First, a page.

You’ve seen the years end and begin. It’s been Sunday the 1st of January, maybe one last free day enjoyed, and now it’s Monday the second. To time to also enjoy a working week again. Back to the office. What if:
Your car was suddenly driven by someone completely unknown. Sure, he drives you to the office where you intended to go in the first place, but then takes off and enjoys that thing himself. Weird huh? Something that is yours, is now used by someone else (too) and you did not agree at all. With our car, we call it theft (and quite a polite robber as well). With our data…
That’s a data breach. Information was available to someone else where it should not have been. Subsequently it leads to misuse, abuse, wrong use or even secondary use while the primary goal is still achieved (what if they’d actually start driving you around everywhere and your ability to travel wasn’t impaired at all?). You still feel it’s wrong. Because it is.
Nothing new, right? And we’ve likely grown tired of the endless breach articles, let alone the notifications we DIDN’T get. But I’d like to put it to you that in 2023, we should be more aware of a different data breach. Often overlooked, failed to be recognized for what it still is. With cars, we still understand this. What if, instead:
You get out the front door, to find it’s no longer there. Or maybe it is, but the key code has been altered and you can’t get in. Or even if you can, there’s sugar in the gas tank (or whatever nasty thing you can imagine that would immobilize you nonetheless). It now is not available to someone who should not have access, but it is definitively NOT AVAILABLE TO YOU.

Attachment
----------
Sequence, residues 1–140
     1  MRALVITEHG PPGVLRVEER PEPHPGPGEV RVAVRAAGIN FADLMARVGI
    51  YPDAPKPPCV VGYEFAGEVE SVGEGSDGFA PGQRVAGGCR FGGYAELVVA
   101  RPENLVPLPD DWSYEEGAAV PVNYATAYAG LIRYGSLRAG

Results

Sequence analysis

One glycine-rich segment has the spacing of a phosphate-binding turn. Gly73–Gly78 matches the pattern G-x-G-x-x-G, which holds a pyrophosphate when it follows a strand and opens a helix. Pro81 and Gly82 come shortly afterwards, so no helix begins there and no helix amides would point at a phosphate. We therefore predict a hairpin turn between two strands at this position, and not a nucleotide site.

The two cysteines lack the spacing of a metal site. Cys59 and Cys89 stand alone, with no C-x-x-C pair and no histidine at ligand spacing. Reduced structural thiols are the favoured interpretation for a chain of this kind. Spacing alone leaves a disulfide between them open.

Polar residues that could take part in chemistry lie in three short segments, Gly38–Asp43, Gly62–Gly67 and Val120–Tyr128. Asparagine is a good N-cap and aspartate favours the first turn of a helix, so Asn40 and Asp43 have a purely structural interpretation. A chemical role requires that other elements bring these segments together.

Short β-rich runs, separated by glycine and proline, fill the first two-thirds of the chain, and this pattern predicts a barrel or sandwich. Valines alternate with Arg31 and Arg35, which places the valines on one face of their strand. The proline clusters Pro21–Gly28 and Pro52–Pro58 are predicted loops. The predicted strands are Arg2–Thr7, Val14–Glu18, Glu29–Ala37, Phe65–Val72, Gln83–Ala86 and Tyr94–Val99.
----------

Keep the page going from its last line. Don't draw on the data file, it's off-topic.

That, too, is a data breach. Any situation where personal data is even potentially (i) available (ii) where it should NOT be (iii), or where it is NOT available where it should be (iv). Data integrity and availability are just as much critical elements of privacy and data protection programs as confidentiality is. We don’t call that vandalism, we call that theft, too. Or at least (and that’s the important part): ‘loss of control’.
So may I suggest we in 2023 will agree on a few things?
– All data breaches are to be adequately responded to, whether by our own fault or that of others
– Fix the problem, not the blame
– Ransomware attacks ARE data breaches
– It is better to try and prevent a breach than to know how to respond to it. To those saying we can’t prevent 100% I say I’m with you, but we can certainly do more in preparation than I observe is done today at times. Both remain relevant, but please let prevention prevail over ‘it’s okay, we have a breach response plan and it’s tested’. Specifically when in part of that plan, there’s no immediate recovery, recreation, or regaining control over data.
I do hope you will truly enjoy the work weeks ahead. 2022 has been a year full of blessings, and a fair few snags. Let’s get into 2023 with the intention to
– Be responsible, and remain in control of the data we process, while letting go of what we no longer need.
– Speaking of which, perhaps we should in general try and do more of ‘less’, while pursuing ‘more’ a bit less.
Have a warm and wonderful 2023 everyone. Looking forward to our conversations!